Another story concerns William Wilkinson of Bentham whose time as a prisoner of war near Berlin inspired his own great-grandson to become a First World War historian.

Stan and Oliver Wilkinson are pictured at The Coach House pub in Bentham where their grandfather and great-grandfather, William - ‘Willie Wilk’ - was the landlord before war broke out, and when it was known as The Brown Cow. William was a Private with the King’s Own Light Infantry when he was captured on May 27 1918 and sent to a prisoner-of-war camp. William kept a diary about his experiences as a POW, which, 100 years later, inspired Oliver to become a First World War historian. He now works at the University of Wolverhampton as a Postdoctoral Research Fellow and his recent book ‘British Prisoners of War in First World War Germany’ features stories of British POWs, including his great-grandfather.

A tragic account involves Edwin Clapham of Bentham, champion sportsman, killed by a German machine gun bullet aged only 20, just two weeks before the war ended.

Joan Clapham, whose late husband was Edwin Clapham's great nephew, is pictured at the war memorial with the memorial plaque that was given to Edwin’s family after his death. The Dead Man’s Penny, as it was known, was given to the next-of-kin of all British and Empire service personnel who were killed as a result of the war. It was quite common for bereaved households to prominently display the plaque of their deceased loved one as a small domestic shrine.

All these tales have been reinterpreted in verse, paintings or photographs. One of Rob Freeman's truly haunting photographic images recreates the scene a century ago when the mother of Edward Carr Dawson, reported missing in the Battle of Passchendaele in October 1917, would walk up the hillside behind Bleak Bank Farm, Clapham, every Thursday to watch the train come in. Her hope was that she would see her son walking across the fields towards home. In the modern image John Dawson, his brother Stephen and nephew Matthew stand on the same spot in tribute to their great-uncle Edward Carr Dawson and his grieving mother.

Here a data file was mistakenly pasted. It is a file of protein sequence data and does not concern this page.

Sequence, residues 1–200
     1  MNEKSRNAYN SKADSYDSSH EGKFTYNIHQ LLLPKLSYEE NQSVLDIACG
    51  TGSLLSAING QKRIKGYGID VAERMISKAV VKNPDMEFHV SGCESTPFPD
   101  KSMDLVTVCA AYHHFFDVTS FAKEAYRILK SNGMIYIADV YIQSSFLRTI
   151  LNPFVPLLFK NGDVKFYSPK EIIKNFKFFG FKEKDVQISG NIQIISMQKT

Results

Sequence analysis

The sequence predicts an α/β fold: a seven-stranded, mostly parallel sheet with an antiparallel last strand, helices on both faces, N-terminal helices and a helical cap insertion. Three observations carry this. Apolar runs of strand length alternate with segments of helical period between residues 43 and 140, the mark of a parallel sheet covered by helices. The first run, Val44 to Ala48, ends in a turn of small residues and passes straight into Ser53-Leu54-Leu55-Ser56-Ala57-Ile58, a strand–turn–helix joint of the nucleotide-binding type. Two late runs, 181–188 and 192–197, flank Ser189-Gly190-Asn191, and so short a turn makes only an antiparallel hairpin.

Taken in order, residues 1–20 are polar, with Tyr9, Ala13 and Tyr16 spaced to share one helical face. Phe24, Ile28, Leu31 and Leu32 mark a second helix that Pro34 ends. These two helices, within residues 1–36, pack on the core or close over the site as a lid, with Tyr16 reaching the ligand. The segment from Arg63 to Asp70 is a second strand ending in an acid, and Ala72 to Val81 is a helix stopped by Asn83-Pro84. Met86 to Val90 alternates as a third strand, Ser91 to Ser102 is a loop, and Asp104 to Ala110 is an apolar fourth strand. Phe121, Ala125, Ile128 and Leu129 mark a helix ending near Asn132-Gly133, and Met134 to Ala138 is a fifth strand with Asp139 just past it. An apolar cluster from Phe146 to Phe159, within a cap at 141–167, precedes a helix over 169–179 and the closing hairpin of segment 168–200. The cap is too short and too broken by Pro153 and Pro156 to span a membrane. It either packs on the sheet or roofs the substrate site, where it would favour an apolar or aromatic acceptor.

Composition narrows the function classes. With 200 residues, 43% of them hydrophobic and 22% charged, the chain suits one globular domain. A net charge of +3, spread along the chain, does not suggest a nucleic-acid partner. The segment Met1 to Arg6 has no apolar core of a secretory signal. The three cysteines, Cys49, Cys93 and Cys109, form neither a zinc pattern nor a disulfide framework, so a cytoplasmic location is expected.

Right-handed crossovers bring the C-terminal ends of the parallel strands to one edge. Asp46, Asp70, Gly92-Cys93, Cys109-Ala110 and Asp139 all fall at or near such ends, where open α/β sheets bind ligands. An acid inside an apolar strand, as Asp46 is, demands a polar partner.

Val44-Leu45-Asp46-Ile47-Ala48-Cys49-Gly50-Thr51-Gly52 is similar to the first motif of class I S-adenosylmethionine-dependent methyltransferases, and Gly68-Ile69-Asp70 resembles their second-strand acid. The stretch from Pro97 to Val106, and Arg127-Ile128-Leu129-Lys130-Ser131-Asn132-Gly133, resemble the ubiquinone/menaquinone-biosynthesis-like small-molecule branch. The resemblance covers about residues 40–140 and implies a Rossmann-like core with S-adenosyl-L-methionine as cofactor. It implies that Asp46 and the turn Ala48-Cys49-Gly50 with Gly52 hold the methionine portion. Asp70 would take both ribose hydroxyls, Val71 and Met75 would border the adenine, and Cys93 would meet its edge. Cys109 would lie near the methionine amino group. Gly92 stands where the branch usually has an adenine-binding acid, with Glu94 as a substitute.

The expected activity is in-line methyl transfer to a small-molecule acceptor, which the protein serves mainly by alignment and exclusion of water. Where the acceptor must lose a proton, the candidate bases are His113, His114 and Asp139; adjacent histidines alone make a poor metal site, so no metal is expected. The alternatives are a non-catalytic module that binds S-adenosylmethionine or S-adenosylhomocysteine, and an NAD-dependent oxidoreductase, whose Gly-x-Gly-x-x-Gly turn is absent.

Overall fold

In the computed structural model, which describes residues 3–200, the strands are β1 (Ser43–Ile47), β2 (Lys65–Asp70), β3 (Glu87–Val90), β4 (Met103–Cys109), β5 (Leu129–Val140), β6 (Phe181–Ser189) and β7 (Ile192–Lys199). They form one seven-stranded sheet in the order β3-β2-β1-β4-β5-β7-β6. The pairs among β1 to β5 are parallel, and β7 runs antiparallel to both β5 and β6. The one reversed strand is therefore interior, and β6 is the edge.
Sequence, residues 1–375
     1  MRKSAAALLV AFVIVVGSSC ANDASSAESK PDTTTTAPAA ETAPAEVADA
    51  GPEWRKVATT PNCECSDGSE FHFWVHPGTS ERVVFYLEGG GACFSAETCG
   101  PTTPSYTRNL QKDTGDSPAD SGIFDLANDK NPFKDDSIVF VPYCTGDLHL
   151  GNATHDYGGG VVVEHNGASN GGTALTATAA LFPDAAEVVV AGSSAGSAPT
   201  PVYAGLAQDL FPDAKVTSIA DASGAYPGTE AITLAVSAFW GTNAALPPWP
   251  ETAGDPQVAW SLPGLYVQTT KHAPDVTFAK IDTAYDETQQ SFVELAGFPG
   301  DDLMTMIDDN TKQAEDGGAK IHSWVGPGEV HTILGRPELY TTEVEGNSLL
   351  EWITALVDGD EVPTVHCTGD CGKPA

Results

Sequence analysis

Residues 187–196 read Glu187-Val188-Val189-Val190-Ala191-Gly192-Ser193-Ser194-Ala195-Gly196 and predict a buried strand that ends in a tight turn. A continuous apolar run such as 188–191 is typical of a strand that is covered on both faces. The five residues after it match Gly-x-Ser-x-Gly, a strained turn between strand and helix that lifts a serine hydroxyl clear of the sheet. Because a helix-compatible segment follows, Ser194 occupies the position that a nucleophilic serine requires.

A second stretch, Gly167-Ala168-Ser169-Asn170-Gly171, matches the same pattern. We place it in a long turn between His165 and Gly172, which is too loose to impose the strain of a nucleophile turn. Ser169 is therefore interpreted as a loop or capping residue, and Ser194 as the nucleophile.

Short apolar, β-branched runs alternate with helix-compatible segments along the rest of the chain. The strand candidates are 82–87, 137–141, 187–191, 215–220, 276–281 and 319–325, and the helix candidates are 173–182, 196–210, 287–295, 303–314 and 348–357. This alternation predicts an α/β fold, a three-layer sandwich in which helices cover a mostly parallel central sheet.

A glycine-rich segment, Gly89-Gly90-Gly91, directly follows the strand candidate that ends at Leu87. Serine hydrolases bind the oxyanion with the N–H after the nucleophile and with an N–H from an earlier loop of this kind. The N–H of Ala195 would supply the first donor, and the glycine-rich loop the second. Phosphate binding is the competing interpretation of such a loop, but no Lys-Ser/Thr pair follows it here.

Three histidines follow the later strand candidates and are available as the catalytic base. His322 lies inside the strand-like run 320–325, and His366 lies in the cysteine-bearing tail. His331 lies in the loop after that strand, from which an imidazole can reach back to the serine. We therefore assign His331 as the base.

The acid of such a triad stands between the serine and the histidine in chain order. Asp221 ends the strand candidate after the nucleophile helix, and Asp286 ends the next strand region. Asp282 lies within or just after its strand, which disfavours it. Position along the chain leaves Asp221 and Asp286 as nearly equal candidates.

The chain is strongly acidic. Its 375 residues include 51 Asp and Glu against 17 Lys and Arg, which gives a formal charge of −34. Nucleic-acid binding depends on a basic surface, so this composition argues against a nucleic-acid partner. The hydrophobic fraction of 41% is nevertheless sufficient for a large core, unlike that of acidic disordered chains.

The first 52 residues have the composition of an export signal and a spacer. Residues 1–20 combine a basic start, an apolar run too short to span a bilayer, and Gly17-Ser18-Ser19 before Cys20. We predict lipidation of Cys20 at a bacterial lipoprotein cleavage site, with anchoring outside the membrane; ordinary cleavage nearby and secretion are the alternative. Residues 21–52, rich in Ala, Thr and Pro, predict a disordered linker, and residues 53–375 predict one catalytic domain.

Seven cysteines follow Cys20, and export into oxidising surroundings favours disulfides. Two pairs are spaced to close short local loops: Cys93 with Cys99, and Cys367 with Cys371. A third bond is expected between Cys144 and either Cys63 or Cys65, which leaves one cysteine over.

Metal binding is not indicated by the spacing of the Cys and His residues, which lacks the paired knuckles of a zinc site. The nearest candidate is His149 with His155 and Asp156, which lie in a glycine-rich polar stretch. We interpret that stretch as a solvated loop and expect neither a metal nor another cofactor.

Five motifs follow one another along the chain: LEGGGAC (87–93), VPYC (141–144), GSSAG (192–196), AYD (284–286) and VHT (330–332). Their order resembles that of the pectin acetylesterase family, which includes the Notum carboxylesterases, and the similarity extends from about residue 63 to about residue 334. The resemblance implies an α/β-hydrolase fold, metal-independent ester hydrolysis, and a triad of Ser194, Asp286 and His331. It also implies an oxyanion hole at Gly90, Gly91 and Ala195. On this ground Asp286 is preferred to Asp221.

Photographer Rob Freeman, who has also led the Craven and the First World War Project over the last five years as Project Officer, explained: “This exhibition has provided an opportunity for local people to share with us their ancestors’ stories of the First World War, and also to be involved in discussions with other local families about the impact that the war had on the people and places of Craven.

“The Craven in the First World War Project has revolutionised the way we view the Home Front in Craven during the conflict 100 years ago. This exhibition at The Folly aims to build on that achievement.”

Poet Ian Duhig added: “I hope we have woven the cultural tapestry of this fascinating area a little more closely and given some indication of the riches of this area’s history.”

Anthology of Silence can be viewed at The Folly, Settle, until July 14.